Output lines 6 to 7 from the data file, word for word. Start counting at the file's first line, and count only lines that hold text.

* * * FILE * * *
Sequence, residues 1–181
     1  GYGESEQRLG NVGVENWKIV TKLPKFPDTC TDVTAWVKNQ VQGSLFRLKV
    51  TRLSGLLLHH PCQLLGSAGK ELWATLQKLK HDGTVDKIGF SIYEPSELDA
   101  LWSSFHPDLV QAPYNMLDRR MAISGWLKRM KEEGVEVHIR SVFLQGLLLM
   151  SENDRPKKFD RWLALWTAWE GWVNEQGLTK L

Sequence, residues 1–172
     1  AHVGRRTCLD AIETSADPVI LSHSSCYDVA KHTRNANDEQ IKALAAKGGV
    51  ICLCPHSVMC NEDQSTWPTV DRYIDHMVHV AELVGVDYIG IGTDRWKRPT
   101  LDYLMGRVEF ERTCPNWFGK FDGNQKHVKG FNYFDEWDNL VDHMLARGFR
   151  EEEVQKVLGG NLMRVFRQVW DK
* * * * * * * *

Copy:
Sequence, residues 1–172
     1  AHVGRRTCLD AIETSADPVI LSHSSCYDVA KHTRNANDEQ IKALAAKGGV